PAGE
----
Computers, Materials & Continua

A Fractional Drift Diffusion Model for Organic Semiconductor Devices

Yi Yang*, Robert A. Nawrocki, Richard M. Voyles and Haiyan H. Zhang

School of Engineering Technology, Purdue University, West Lafayette, 47906, USA
*Corresponding Author: Yi Yang. Email: yang1087@purdue.edu
Received: 30 January 2021; Accepted: 8 March 2021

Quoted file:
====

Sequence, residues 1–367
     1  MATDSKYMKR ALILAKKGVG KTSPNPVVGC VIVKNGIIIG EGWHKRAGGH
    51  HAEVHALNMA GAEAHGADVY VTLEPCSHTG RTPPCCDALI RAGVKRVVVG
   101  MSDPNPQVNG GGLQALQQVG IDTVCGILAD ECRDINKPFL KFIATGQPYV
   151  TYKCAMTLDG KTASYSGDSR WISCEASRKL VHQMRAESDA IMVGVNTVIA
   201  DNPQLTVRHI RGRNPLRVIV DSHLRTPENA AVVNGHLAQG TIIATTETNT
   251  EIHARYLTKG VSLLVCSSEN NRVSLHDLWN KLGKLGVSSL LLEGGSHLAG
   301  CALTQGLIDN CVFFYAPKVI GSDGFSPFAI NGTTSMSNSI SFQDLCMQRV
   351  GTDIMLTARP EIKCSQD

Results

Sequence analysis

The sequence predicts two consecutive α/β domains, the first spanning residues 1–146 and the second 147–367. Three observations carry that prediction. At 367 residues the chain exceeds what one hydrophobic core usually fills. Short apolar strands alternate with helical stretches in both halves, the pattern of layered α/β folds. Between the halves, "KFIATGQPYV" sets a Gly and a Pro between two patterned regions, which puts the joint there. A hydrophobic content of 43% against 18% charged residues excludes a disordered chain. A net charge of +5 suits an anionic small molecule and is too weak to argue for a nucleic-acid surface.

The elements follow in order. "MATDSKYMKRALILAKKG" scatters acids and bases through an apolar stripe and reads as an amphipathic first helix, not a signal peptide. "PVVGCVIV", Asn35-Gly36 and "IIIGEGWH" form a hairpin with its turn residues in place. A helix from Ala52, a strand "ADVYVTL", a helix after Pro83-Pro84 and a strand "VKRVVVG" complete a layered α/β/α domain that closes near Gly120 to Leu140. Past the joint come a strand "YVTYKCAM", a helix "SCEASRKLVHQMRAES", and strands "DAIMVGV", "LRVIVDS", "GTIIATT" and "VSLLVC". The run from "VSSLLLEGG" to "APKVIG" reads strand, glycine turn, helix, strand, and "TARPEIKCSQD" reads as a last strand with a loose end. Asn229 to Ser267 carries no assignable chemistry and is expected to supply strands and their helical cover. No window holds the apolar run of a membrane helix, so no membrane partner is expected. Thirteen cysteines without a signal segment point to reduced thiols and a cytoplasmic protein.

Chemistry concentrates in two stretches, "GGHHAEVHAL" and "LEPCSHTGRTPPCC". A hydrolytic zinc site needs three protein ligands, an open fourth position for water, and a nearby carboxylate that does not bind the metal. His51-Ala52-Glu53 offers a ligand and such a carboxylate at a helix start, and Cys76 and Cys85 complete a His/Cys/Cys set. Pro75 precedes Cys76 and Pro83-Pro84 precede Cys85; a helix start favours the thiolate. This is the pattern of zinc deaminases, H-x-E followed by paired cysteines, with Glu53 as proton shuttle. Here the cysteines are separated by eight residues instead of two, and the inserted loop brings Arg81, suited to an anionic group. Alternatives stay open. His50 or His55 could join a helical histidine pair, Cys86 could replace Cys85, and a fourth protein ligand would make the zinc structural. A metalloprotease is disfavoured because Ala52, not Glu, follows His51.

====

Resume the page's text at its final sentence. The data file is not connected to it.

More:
Abstract: Because charge carriers of many organic semiconductors (OSCs) exhibit fractional drift diffusion (Fr-DD) transport properties, the need to develop a Fr-DD model solver becomes more apparent. However, the current research on solving the governing equations of the Fr-DD model is practically nonexistent. In this paper, an iterative solver with high precision is developed to solve both the transient and steady-state Fr-DD model for organic semiconductor devices. The Fr-DD model is composed of two fractional-order carriers (i.e., electrons and holes) continuity equations coupled with Poisson’s equation. By treating the current density as constants within each pair of consecutive grid nodes, a linear Caputo’s fractional-order ordinary differential equation (FrODE) can be produced, and its analytic solution gives an approximation to the carrier concentration. The convergence of the solver is guaranteed by implementing a successive over-relaxation (SOR) mechanism on each loop of Gummel’s iteration. Based on our derivations, it can be shown that the Scharfetter–Gummel discretization method is essentially a special case of our scheme. In addition, the consistency and convergence of the two core algorithms are proved, with three numerical examples designed to demonstrate the accuracy and computational performance of this solver. Finally, we validate the Fr-DD model for a steady-state organic field effect transistor (OFET) by fitting the simulated transconductance and output curves to the experimental data.